Antibiotic Injection: If your pet is going to have extractions or has severe gum disease, we will be giving an antibiotic injection before (or sometimes during) the dental. This injection is about $22
The Dental Procedure
Basically, veterinary dentistry is the same as what happens to you when you go to the dentist for a prophylactic cleaning and inspection EXCEPT that our patients are under anesthesia. A well trained and meticulous dental tech will spend about 45 minutes cleaning, polishing, and probing every tooth. Then a veterinarian will inspect the entire oral cavity for possible disease, and then do whatever's needed in terms of extractions, gum surgery, or tooth repair. Then the dental tech will finish cleaning up the mouth, apply sealants, and use the laser which reduces post dental inflammation and speeds healing of the gums.
A full dental cleaning at our practice is only $85. Sometimes there is a small additional charge for major extractions and gum surgery. Post dental laser therapy is just $10
Minor Surgery Add Ons: if you want other things done while your pet is under anesthesia such as nail trimming, removal of warts, moles, small masses, or dewclaws, just let us know. The fee for doing these types of things are either minimal or done at no charge.
Microchip Insertion: we can put a microchip in your pet at anytime, but it’s easier and more convenient while your pet is under anesthesia. The $32 cost includes lifetime registration and some special special services.
Recovery: All dental patients are watched carefully, kept warm, clean, & comfortable during recovery. There is no extra charge for this. But there is a charge for a few things should they be needed or recommended during this critical time. These include:
Morphine or other pain medications will probably be given during recovery... especially if extractions were involved. This will cost a few dollars.
This in interesting; Pain that starts below the neck goes from the site of pain...say the big toe for example...and then goes to the spinal cord across a neural synapse where the pain is "modulated". Your brain can decide to ignore your throbbing toe if it wants by reducing the release of neural chemicals in the synapse. After the pain is modulated at the level of the spine, the signal is then conducted up to the brain stem ... where once again it can be modulated... or ignored. This is partly why the same amount of pain stimulus is perceived differently in different people (and animals) But guess what? There is NO PAIN MODULATION with oral pain. Pain associated with dentistry goes straight up the facial nerve directly into the brain. So.... the next time a dentist says "you might experience a bit of mild discomfort" ....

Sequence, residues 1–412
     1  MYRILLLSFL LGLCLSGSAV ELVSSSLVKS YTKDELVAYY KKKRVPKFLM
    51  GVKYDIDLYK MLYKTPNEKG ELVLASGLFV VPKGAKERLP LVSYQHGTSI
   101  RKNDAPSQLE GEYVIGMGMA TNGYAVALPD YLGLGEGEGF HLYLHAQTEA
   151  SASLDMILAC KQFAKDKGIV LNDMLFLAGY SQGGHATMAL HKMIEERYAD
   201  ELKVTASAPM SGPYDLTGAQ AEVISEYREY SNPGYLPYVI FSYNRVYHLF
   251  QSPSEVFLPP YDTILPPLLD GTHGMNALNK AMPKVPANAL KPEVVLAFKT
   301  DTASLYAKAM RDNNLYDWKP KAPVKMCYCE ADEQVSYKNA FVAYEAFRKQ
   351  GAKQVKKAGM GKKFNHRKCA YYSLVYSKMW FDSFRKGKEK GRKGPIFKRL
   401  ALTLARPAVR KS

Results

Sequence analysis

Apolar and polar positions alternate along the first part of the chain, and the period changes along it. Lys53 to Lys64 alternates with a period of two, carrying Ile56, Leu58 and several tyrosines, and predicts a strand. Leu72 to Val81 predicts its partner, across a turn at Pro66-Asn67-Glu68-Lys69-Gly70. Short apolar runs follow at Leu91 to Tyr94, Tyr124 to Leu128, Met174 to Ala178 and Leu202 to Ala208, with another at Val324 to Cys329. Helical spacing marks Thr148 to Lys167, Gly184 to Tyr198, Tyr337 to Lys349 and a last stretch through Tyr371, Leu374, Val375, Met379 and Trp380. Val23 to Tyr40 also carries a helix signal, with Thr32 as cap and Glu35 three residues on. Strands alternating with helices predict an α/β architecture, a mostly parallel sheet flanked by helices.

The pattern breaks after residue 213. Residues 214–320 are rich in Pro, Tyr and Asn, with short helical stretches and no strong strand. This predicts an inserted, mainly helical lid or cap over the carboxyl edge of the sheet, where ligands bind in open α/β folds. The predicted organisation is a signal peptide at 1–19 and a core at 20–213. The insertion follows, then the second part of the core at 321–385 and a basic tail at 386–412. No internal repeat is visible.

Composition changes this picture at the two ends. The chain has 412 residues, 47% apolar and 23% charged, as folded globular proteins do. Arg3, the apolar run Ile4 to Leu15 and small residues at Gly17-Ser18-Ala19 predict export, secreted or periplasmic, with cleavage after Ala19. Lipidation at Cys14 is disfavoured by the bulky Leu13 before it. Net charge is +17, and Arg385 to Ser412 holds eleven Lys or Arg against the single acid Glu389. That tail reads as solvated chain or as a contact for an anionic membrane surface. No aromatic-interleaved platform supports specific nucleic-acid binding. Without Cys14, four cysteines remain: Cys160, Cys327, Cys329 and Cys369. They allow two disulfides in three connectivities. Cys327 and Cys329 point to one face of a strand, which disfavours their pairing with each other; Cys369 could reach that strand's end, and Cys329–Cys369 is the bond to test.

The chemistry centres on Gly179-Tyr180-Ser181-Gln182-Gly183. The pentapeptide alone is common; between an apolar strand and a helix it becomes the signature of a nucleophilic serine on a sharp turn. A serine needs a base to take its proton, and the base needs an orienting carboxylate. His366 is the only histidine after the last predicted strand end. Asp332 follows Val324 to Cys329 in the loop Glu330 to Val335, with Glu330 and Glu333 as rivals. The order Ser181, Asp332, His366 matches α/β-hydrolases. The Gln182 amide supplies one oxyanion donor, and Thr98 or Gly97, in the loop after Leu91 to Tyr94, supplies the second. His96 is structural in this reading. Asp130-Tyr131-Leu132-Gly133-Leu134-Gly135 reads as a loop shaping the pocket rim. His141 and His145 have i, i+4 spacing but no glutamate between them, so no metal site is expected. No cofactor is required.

To Take Home
Antibiotics: If your pet's gums are badly infected or if we extracted an abscessed tooth, we are likely to send home 7-10 days of oral antibiotics. I usually dispense Clindamycin which is effective and quite inexpensive. Or for cats I usually give the new Convenia antibiotic injection that lasts for 14 days so you won't have to "pill" your cat. Unfortunately, this injection is quite expensive; about $35-45 depending on the size of your cat (or small dog). We also have inexpensive Clindamycin available in a children's flavored liquid for cats and small dogs. But it can still be a bit of bother getting it down cats.
Biotene Gel: Same active ingredients as the human version. This is an antiseptic and soothing gel for those pets with ulcerative gums, other gum lesions, oral tumors, erosions, and other serious mouth lesions.
CET Oral Hygiene Brushless Gel: I really like this product as an alternative to brushing your pet's teeth. No brushing! And it works almost as well at keeping tarter at bay and gums healthy. However, it still requires a willing pet and a willing owner. But all you have to do is squirt a little in the mouth or dab a little somewhere on the teeth or gums. The tongue will do the rest of the work.
Chewies: Greenies, chew bones, and other brands and types of chews designed to aid in oral health are all helpful. Hill's, as usual, makes an excellent diet designed for pets with chronic dental disease, soft gums, and so forth. It's called Hill's T/D (Tarter Diet). It's a very high quality, low fat, low calorie nugget with floss like fibers throughout the nugget designed to keep teeth clean. It helps a lot. We dispense a lot of this diet to be used as treats. We'll be glad to give your pet a free sample.
Post Dental Follow ups are not often needed. But if your pet has any bad mouth odors, tenderness, or other obvious or suspected problems after a few days, don't be shy. Let us know. There's no charge to recheck anything we do at our Hospital.
Thanks for reading. If your bringing your pet in for dentistry, please read, print out and bring in the dental consent form. Click here to go to our page discussing the Dental Products we have that help keep your pet's mouth healthy.
Thanks ever so much, Roger Ross DVM